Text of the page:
The 435 members of the U.S. House of Representatives introduce bills and resolutions, offer amendments and serve on committees. District 16 represents most of El Paso County, minus some neighborhoods in the eastern portions of the Lower Valley and East Montana. U.S. representatives get paid $174,000 per year.

Who’s running for this seat?

Irene Armendariz-Jackson, a Republican, did not respond.

Veronica Escobar, 53, a Democrat, is the incumbent in Texas’ 16th Congressional District.

Candidate Questionnaires

Candidates were asked to limit their responses to 100 words. Responses have been lightly edited for grammar.

What steps would you support to address current migration issues at the border, both short-term and long-term?

Irene Armendariz-Jackson: No response.

Veronica Escobar: I worked to create and fund civilian positions at CBP processing centers to allow Border Patrol agents to spend more time in the field, while also working with the federal government to reimburse non-profits and local governments for the crucial work they provide in caring for migrants. While President Biden was a candidate, I was part of his Unity Task Force, which created the framework for comprehensive immigration reform. I’ve filed and supported a number of immigration bills and work for additional reform through the appropriations process, as well as through discussions with the White House and Secretary Mayorkas.

International commerce in El Paso is a major economic driver. What policies or programs will you work on to enhance and protect that trade?

Irene Armendariz-Jackson: No response.

Veronica Escobar: I am the only member of Congress from our region to have voted in favor of the Bipartisan Infrastructure Law, and through that I secured $600 million for the Bridge of the Americas. I also chaired a binational infrastructure task force at the request of the administration focused on border infrastructure.

Additionally, I worked to pass the CHIPS Act which will bolster semiconductor manufacturing in the U.S. This will lessen our dependence on China, while providing us with an opportunity to partner with Mexico, helping our two countries remain competitive with Asia. Working alongside Mexico to tackle this supply chain issue will be a major economic driver for our region, and we finally have the money to modernize our busy land port of entry.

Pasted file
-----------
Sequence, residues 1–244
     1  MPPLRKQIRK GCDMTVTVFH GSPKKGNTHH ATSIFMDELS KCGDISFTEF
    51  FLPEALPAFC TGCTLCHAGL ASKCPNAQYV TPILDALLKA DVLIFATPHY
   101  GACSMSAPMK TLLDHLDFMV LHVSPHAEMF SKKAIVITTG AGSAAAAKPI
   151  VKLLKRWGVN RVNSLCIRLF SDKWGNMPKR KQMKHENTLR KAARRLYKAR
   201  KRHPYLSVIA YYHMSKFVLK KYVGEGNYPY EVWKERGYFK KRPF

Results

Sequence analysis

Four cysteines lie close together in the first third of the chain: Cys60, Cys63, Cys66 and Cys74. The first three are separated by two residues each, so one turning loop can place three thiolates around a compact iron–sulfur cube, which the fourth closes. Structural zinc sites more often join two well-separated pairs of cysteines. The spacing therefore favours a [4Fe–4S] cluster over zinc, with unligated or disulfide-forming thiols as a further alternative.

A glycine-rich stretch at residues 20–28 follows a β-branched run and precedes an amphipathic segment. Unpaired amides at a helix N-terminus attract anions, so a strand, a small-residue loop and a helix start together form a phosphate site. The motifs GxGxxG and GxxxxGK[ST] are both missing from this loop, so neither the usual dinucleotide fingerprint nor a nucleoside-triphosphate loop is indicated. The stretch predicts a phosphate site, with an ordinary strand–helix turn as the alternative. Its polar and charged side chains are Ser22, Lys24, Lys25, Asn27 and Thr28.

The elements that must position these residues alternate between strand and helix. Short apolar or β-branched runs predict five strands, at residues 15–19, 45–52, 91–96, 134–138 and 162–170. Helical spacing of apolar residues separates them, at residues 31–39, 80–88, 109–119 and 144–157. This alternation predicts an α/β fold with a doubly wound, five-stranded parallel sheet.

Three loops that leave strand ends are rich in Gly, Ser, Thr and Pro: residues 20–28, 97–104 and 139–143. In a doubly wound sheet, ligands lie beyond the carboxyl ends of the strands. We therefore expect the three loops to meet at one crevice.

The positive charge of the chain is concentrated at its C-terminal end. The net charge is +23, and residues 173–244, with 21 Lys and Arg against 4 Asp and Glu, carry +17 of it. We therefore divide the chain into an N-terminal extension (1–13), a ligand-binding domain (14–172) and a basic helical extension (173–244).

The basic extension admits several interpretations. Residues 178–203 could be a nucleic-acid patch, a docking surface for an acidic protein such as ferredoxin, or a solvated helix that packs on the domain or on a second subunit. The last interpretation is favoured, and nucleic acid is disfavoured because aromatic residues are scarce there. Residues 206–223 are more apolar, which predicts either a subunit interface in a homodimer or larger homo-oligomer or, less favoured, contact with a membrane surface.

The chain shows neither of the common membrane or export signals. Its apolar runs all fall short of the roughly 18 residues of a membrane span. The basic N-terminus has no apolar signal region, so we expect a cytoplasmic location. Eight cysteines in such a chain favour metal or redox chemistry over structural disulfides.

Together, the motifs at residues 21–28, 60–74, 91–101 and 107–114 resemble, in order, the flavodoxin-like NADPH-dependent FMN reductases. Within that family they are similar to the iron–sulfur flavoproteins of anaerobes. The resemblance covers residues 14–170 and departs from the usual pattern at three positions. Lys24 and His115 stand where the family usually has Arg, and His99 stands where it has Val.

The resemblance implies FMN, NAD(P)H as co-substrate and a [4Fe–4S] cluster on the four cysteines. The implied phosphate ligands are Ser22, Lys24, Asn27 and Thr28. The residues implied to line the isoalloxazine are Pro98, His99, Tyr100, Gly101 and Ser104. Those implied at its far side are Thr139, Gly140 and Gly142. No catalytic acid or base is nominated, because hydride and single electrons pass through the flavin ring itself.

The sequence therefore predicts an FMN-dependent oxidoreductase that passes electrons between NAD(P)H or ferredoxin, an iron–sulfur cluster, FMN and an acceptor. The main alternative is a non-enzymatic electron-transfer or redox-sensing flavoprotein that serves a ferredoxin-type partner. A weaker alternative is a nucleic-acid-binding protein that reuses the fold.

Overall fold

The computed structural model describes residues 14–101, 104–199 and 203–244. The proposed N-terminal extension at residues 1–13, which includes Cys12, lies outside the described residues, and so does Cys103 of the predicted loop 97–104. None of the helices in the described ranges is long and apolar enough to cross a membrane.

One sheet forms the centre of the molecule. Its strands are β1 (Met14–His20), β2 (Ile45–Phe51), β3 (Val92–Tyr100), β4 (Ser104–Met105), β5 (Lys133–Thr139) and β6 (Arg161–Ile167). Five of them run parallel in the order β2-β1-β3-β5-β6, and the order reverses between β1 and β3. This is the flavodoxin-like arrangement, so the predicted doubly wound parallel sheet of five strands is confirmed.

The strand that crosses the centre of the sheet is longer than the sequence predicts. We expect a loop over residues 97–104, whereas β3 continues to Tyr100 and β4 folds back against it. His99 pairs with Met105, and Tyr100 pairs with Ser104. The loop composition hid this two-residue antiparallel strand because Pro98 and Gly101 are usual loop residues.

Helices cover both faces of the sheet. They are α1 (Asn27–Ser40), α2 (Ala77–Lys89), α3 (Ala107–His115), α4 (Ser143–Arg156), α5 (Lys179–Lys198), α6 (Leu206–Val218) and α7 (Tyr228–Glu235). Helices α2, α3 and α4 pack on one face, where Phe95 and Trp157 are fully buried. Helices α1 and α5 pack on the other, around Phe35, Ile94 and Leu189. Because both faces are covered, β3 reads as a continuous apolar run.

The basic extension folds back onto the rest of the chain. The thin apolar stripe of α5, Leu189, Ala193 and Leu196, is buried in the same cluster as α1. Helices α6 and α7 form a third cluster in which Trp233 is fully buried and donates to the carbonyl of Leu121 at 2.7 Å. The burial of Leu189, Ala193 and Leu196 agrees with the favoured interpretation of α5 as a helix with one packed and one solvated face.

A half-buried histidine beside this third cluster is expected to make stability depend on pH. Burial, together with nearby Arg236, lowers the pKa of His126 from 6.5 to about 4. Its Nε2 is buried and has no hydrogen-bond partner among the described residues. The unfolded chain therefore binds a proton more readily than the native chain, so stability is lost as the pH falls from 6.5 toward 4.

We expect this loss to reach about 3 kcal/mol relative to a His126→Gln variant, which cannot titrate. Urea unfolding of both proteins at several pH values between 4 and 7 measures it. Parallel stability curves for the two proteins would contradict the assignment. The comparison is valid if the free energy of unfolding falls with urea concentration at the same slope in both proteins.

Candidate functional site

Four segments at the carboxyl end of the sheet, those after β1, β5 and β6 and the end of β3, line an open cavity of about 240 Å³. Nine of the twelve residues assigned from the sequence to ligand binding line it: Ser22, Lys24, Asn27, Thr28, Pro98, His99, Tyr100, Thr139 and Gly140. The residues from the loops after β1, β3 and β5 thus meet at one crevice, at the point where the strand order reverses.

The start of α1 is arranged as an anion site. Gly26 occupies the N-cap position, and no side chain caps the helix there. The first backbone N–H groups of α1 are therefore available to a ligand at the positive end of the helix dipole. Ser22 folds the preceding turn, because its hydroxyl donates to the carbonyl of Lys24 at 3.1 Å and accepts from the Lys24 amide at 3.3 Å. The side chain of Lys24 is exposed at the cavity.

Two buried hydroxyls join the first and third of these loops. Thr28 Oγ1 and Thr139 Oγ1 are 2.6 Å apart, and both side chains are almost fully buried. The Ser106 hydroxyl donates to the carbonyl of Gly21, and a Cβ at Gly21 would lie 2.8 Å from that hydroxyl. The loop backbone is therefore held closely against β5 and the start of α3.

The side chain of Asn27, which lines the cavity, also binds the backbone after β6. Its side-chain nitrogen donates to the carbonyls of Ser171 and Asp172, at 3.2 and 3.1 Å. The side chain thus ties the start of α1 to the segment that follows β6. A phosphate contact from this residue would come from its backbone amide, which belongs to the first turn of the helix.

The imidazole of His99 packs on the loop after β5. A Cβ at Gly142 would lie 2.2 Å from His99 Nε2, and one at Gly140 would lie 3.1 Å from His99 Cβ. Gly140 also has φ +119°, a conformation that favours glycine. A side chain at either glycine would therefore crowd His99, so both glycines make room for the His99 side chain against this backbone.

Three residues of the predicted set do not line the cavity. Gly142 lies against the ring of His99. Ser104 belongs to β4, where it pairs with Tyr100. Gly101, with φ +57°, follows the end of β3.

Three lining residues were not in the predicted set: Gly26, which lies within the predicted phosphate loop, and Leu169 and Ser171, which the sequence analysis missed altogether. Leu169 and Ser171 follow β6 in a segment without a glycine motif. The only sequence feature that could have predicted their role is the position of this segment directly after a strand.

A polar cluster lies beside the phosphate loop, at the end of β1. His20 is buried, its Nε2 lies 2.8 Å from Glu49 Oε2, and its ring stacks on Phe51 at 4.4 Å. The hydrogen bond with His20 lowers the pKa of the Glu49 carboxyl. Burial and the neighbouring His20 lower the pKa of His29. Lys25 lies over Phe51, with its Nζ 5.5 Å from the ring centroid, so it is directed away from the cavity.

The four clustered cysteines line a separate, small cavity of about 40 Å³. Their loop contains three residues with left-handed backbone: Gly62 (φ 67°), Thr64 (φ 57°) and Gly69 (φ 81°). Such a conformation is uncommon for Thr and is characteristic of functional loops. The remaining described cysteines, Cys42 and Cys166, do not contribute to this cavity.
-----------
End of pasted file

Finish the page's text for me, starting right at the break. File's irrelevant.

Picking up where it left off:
In light of Roe v. Wade being overturned, what, if anything, should the federal government do about women’s health care issues and rights?

Irene Armendariz-Jackson: No response.

Veronica Escobar: Congress needs to codify women’s reproductive rights into law, which is why I voted for the Women’s Healthcare Protection Act. I trust women to make decisions about their reproductive health with their doctors.

What steps should the federal government take to address climate change?

Irene Armendariz-Jackson: No response.

Veronica Escobar: As a member of the Select Committee on the Climate Crisis, I’m proud of the $700 billion investment Congress approved through the Bipartisan Infrastructure Law and the Inflation Reduction Act. Those two bills will help incentivize our transition to a clean energy future and provide resources to both industry and every day Americans to lower those costs. As a member of the House Armed Services Committee, I’ve worked to ensure our military installations reduce their carbon footprint so that the Department of Defense leads the way.

What steps should the federal government take to address inflation?

Irene Armendariz-Jackson: No response.

Veronica Escobar: There is no “on/off” switch for inflation, but the two major drivers of inflation are supply chain issues (which will be eased with the CHIPs Act) and energy costs (which will be eased with the Inflation Reduction Act). But this will take time. Both of these laws will reinvest in American manufacturing so we can make more products here in the United States and expedite our transition to renewable energy while creating American jobs.

Congress should also pass comprehensive immigration reform to address our labor shortage, which would in turn also help combat inflation. Republicans in large part opposed all these solutions and bring none of their own to the negotiating table in Congress.

Read more about this race

Back to Voter Guide